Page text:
With crypto in a state of turbulent flux, a demographic of nonfungible token (NFT)
detractors in the fine art world might feel trigger-happy to, at last, declare the industry down for the count.
Meanwhile, artist, critic, dealer, educator and outspoken NFT proponent Kenny
Schachter is celebrating the conclusion of Slow Food — his first New York City art
exhibition in 25 years — at The NFT Gallery on Manhattan’s Lower East Side, fresh
off the heels of headlining NFT Art Day ZRH in Zurich, Switzerland, coinciding with the iconic annual Art Basel art fair, less than 50 miles away.
In June 2022, Schachter had just presented the first-ever NFT booth wall at Art Basel with Galerie Nagle Draxler, expanding the acceptance of NFTs just before profile pictures became the face of their demise. Soon after, Schachter was spotted among the art world elite in Hydra, Greece, celebrating zeitgeist sculptor Jeff Koon’s first token drop with Pace Gallery.
Schachter told Cointelegraph that while his commitment to the intersection of blockchain and art hasn’t faltered since then, “it’s hardened.” The contentious art-world rabble rouser hails from a working-class Long Island, New York family. He studied philosophy, then law — worked in fashion and on the stock market floor — all before stepping foot in his first art gallery in his late 20s or making his name as an art market reporter. Schachter became an artist before the millennium turned, exhibiting his first computer animation in 1993 and producing digital prints as the decade ensued.
“As far as I’m concerned, I’m involved in art,” Schachter said. “That’s all I care about, more than pretty much everything, except for perhaps my kids.” Rather than encapsulating Schachter’s full oeuvre, Slow Food, which closed on June 17, focused on the artist’s most recent blockchain forays: a collaborative, evolving rumination titled Open Book, his new blockchain-based game Pop Principle, and a sculpture about the insidious trend of dinosaur bones being sold through art auction houses. An NFT accompanied each artwork — underpinning them all.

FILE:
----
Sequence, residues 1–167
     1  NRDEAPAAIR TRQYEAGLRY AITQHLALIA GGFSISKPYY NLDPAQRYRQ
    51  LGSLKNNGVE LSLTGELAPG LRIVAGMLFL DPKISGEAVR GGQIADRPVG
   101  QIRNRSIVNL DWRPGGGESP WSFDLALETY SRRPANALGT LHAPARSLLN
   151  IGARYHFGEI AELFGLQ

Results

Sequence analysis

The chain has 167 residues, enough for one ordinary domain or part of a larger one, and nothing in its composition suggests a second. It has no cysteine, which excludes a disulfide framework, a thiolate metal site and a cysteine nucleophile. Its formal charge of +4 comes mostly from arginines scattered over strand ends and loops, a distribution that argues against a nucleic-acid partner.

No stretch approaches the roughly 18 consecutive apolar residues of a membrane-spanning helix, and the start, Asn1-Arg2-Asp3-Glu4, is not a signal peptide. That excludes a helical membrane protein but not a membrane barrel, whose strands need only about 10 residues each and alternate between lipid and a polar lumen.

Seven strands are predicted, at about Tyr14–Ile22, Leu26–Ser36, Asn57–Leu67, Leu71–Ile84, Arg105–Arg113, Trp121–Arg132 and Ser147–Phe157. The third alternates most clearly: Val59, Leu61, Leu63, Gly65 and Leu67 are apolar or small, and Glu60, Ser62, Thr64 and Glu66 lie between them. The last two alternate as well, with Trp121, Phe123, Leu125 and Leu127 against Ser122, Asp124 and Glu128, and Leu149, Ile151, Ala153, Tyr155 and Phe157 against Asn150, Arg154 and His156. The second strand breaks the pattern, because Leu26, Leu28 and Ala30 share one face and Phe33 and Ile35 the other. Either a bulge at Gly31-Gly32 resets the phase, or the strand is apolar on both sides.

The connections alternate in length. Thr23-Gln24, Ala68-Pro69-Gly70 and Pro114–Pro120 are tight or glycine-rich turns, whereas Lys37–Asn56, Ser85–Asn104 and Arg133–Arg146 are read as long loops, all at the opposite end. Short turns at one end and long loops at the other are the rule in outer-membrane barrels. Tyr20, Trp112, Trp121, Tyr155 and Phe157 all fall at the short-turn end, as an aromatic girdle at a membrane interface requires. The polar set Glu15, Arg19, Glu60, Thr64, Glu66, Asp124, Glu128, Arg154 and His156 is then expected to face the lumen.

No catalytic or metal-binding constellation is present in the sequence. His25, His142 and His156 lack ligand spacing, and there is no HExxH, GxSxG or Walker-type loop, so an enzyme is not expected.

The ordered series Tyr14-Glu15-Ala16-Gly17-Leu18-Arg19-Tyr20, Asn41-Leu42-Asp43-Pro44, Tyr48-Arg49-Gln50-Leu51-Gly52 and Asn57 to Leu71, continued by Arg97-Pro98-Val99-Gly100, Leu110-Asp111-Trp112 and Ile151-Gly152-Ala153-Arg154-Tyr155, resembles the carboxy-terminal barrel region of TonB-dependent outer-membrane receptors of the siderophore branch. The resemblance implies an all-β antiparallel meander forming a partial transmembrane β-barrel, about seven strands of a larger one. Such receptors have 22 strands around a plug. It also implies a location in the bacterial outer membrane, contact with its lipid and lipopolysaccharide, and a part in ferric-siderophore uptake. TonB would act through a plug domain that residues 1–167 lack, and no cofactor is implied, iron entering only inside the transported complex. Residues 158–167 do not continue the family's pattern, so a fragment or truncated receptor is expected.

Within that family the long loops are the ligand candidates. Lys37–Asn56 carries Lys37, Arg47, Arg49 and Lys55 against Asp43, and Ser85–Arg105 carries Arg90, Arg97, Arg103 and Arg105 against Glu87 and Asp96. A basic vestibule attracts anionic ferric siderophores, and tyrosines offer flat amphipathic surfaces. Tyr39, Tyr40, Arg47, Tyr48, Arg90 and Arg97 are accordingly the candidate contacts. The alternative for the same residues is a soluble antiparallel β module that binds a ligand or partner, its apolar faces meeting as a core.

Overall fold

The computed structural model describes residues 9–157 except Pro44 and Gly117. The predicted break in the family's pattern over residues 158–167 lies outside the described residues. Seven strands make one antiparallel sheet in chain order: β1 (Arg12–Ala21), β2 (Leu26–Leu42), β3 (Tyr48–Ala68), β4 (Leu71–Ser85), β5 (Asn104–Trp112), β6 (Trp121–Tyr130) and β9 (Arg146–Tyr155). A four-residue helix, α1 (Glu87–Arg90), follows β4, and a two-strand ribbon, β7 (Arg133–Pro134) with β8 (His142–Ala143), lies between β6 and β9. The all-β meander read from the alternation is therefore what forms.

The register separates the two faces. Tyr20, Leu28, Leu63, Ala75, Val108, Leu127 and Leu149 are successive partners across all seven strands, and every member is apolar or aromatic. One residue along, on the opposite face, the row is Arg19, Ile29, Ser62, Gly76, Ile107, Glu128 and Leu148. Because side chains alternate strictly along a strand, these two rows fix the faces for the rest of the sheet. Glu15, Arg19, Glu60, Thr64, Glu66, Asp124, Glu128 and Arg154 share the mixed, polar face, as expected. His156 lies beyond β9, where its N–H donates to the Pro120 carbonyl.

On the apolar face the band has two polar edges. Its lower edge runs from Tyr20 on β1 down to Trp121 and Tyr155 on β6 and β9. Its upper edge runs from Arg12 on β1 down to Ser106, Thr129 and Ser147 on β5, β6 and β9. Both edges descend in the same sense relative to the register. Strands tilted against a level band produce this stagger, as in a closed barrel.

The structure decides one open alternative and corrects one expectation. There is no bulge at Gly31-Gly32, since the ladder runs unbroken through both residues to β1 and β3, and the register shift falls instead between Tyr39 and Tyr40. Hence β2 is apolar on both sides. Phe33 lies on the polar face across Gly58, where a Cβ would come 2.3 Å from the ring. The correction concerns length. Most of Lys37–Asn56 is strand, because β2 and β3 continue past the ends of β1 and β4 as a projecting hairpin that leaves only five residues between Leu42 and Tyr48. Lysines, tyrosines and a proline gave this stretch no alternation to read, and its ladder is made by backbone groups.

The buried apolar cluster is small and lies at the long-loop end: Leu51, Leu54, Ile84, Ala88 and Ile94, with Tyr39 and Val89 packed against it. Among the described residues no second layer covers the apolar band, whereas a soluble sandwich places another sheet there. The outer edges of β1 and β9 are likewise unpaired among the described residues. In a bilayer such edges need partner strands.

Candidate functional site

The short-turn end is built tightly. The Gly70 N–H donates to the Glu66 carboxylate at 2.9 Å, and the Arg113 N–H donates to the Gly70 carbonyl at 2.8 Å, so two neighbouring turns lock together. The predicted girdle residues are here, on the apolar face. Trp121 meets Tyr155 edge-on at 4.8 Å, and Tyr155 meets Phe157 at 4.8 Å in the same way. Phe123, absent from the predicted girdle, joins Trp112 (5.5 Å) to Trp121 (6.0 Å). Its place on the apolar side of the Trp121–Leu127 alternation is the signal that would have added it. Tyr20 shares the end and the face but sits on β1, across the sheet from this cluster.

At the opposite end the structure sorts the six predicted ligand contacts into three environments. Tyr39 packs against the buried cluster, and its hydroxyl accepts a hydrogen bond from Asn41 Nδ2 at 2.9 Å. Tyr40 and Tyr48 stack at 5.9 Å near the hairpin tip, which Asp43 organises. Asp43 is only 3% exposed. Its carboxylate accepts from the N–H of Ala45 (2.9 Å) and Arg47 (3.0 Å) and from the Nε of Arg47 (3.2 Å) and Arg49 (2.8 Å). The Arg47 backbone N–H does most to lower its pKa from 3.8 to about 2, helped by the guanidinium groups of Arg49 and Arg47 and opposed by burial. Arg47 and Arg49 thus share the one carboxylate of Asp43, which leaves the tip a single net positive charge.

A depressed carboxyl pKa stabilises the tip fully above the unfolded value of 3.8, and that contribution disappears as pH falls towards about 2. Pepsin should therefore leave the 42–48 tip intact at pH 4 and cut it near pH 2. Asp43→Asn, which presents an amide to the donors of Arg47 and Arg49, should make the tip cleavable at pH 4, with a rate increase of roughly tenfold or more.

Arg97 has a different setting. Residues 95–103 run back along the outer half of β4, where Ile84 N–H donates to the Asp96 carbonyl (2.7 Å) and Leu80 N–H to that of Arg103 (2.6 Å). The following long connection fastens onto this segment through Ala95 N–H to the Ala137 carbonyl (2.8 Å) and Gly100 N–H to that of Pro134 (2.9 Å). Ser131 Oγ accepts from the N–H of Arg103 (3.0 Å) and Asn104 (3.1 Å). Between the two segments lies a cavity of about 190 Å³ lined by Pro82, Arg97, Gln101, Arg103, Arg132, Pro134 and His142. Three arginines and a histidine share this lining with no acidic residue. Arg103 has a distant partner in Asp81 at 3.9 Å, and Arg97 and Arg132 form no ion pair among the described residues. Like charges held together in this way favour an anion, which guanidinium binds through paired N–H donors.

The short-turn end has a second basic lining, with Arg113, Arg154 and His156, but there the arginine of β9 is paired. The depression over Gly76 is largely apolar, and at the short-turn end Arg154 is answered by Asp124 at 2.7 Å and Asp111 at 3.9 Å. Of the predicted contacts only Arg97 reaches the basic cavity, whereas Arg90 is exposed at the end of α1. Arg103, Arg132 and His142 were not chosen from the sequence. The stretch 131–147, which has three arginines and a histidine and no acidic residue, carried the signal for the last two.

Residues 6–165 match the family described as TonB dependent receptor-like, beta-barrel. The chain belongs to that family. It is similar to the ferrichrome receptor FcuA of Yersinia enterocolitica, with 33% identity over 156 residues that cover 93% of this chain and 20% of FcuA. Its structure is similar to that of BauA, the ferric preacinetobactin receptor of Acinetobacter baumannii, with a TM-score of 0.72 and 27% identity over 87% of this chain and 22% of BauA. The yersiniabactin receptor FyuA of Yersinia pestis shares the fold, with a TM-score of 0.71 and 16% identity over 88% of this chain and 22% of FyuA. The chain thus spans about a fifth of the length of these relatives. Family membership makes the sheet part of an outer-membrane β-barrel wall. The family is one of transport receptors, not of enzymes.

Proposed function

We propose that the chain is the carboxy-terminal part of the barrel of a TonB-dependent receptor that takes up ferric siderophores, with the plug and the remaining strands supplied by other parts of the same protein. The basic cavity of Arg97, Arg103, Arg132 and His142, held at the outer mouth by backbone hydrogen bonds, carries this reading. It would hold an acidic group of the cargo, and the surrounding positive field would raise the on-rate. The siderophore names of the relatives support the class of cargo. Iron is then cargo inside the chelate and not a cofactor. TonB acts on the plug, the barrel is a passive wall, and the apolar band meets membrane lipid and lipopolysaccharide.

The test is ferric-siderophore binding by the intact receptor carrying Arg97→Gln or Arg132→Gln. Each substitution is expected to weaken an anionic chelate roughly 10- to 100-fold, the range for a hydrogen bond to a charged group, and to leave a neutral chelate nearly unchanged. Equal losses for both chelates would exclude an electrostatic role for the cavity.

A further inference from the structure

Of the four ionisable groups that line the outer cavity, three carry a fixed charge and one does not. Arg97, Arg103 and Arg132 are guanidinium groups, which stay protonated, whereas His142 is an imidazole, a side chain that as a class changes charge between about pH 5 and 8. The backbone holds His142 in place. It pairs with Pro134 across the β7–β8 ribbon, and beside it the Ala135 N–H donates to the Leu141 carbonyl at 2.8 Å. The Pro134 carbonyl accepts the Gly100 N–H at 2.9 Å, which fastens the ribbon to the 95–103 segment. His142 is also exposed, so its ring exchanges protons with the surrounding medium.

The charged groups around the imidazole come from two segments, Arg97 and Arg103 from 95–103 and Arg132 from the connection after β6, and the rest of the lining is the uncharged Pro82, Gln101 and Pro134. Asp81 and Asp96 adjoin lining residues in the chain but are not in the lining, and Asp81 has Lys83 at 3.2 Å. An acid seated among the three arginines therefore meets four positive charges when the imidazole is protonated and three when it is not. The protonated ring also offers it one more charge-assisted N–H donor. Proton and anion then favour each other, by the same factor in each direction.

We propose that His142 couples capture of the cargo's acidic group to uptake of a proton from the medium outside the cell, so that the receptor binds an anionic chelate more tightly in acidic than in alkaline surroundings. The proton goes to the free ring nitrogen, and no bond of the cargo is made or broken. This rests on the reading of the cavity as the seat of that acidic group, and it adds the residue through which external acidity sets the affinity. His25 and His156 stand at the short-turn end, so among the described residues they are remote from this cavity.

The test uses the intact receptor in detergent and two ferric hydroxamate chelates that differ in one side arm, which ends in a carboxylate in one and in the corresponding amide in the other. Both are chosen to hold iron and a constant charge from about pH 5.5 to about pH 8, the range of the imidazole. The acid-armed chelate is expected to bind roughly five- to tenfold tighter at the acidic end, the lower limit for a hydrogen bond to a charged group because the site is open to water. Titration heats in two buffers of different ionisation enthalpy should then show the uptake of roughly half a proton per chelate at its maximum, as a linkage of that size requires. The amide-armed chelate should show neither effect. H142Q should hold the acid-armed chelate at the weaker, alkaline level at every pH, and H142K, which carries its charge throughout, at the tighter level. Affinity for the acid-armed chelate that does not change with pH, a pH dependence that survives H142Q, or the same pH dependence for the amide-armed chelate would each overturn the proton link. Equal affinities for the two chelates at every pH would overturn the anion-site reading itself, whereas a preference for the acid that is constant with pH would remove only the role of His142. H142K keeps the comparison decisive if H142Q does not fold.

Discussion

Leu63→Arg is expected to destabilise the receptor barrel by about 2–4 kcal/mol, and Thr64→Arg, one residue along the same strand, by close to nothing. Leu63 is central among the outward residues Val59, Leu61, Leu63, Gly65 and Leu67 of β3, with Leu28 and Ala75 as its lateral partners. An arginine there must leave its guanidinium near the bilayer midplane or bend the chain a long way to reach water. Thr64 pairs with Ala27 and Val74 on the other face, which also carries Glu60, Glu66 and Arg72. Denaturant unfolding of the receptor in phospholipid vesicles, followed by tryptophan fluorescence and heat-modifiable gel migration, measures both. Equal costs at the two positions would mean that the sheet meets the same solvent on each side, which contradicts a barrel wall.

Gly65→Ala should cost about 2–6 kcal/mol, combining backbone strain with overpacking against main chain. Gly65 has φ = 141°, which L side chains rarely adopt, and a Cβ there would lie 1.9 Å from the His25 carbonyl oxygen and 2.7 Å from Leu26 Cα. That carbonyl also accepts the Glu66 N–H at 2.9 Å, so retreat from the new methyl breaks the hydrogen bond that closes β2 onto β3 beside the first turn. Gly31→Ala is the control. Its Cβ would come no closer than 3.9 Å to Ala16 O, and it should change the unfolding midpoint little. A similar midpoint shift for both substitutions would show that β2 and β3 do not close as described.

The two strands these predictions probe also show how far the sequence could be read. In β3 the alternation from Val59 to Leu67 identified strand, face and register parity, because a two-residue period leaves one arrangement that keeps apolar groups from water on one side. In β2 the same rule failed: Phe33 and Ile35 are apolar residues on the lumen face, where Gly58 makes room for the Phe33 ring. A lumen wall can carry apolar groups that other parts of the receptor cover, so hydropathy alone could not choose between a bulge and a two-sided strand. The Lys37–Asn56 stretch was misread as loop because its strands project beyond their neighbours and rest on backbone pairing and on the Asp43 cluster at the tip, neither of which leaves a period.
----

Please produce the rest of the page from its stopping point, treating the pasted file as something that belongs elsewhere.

Riding out the booms and busts
When Schachter caught wind of NFTs in 2020, he brushed them off as another form of money before recognizing solutions for difficulties dogging his practice — wrapped in a blockchain bow.
Of course, digital art had long languished in the absence of a practical means to sell and trade it. A number of galleries offering digital artworks in their booths at Art Basel as of 2022 still handed the pieces off after purchase as a file on a flash drive, authenticated based on file size.
Even before NFTs, digital art had been pigeonholed in the manner of other mediums, like performance. Although NFTs gained fame only once artists started making big money, Schachter saw a greater chance to expand his audience beyond the narrow-minded art world.
Money is nice, but Schachter swears up and down it’s not driving him — he recently opted to forego royalties from resales. Instead, the artist emphasized that his faith relies on the community that NFTs build around his practice and the connections the space lends itself to.